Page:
Your networks are under siege. A virtually endless array of vulnerabilities and exploits, and an arsenal of tools to automate reconnaissance and attacks means that you have to actively defend your servers, apps and data 24 hours a day, 7 days a week, 365 days a year. If and when an attacker penetrates your defenses, though, the key to minimizing the damage and restoring normal operations lies in effective planning and preparation.
Paul Fletcher, cyber security evangelist for Alert Logic, and Frank Shultz, managing director at BC in the Cloud, recently co-hosted a webinar highlighting the importance of business continuity and disaster recovery planning. The session, titled “Preparing for Cyber Attacks…Expect the Unexpected,” covered a range of subject matter from the impact a cyber attack can have on a company, the importance of having a business continuity and disaster recovery plan in place, how business continuity planning tools and cloud security software go hand in hand, and the value of drilling and testing a plan before an attack.
Fletcher began the webinar with an overview of the current state of the threat landscape. Using stats and data from the recent Alert Logic Cloud Security Report, Fletcher showed that web application attacks are on the rise. More and more organizations are choosing to rely on web applications as a primary means of creating and delivering tools and services to customers, so attackers are focusing more energy on finding and exploiting vulnerable web applications.
He also pointed out the rise of attacks against popular content management systems (CMS) like WordPress and Joomla, the increased risk organizations face from configuration errors of public-facing servers and databases in the cloud, and the Achilles heel that trusted third-parties represent.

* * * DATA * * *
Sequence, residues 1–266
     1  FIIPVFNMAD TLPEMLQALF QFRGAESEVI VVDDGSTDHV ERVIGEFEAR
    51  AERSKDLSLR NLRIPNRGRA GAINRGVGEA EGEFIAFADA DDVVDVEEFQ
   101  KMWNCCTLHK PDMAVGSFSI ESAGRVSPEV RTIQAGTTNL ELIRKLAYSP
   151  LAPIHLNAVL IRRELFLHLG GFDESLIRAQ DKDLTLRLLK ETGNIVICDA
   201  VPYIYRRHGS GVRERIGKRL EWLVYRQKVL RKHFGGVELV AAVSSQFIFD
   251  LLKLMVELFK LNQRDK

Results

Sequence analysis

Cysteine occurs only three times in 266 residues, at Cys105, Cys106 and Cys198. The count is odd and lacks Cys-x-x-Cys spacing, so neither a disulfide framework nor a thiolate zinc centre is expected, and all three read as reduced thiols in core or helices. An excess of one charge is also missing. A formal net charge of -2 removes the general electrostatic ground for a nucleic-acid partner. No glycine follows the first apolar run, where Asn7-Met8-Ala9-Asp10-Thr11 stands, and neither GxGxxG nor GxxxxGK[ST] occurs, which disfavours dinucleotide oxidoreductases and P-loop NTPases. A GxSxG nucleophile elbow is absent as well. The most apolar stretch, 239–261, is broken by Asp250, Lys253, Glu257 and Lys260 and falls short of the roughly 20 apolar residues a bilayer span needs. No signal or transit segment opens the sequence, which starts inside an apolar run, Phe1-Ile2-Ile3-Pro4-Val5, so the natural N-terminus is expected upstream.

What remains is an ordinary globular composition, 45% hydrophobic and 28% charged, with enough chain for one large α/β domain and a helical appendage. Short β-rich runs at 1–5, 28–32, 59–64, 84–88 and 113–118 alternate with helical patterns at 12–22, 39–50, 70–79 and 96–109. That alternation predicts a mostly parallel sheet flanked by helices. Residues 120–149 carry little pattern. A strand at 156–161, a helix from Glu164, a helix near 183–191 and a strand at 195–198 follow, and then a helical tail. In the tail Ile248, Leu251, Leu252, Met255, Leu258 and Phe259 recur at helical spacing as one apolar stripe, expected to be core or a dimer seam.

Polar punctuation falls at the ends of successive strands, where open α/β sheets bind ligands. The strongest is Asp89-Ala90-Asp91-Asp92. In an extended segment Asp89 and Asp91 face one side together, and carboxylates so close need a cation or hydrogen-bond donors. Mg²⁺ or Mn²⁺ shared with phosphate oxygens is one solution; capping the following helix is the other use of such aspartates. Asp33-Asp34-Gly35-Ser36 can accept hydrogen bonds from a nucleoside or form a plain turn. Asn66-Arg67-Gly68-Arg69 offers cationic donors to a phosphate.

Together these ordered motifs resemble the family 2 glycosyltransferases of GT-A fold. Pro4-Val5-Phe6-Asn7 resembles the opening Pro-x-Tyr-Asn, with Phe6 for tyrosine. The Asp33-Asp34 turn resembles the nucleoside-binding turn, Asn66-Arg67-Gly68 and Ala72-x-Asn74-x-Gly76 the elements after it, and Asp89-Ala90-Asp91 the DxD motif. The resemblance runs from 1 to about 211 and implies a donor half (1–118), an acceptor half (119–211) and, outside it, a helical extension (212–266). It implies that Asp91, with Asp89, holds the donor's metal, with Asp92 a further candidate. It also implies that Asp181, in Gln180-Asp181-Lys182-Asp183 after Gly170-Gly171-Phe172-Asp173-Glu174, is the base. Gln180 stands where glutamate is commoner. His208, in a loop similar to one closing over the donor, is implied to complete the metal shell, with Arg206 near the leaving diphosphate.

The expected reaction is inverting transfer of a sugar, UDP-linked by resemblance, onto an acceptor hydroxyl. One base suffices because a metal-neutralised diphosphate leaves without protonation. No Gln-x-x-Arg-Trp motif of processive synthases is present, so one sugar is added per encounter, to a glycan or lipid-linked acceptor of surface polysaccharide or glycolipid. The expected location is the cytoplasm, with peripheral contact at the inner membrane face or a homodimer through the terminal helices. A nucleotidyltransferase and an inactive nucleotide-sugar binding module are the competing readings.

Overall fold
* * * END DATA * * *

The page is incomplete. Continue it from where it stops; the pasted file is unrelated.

Cyber criminals don’t take breaks or vacations. They don’t have “business hours”. Fletcher outlined a set of security best practices that are instrumental in effectively defending against the perpetual barrage of attacks:
- Do a better job of creating secure code and keeping it patched and updated
- Use strong identity and access management that relies on the principle of least privilege
- Stay informed of current and emerging vulnerabilities and threats
- Understand your role in the cloud shared security model
- Implement an effective security management and monitoring strategy
Frank Shultz continued the session by diving into the importance of effective planning and preparation. You can’t install an airbag after you crash your car. Being prepared for a catastrophe or emergency situation requires that you have taken the time to consider the various potential scenarios that might occur and taken steps beforehand to define how you will manage and respond to those incidents.
Shultz explained that for many—possibly most—organizations, establishing a business continuity and disaster recovery plan isn’t optional. Many compliance frameworks require that organizations have processes in place to respond to events like cyber attacks, natural disasters or extreme weather events.
It’s important to be thorough and think through all of the potential issues you might encounter. Shultz explained that just having a contact list of email addresses for key individuals will not help much if the email system itself is down. You need to include alternate methods of contact and have a defined escalation path to ensure effective communication and a smooth response.
Perhaps the most crucial thing Shultz shared, however, is the importance of drilling and practicing the response plan. You don’t want a real outage or cyber attack to be the first time you identify gaps in your plan. Take the time to walk through your business continuity and disaster recovery plans to make sure you have thought of everything, and to ensure that key individuals understand their role in the plan and know how to execute it if and when the time comes.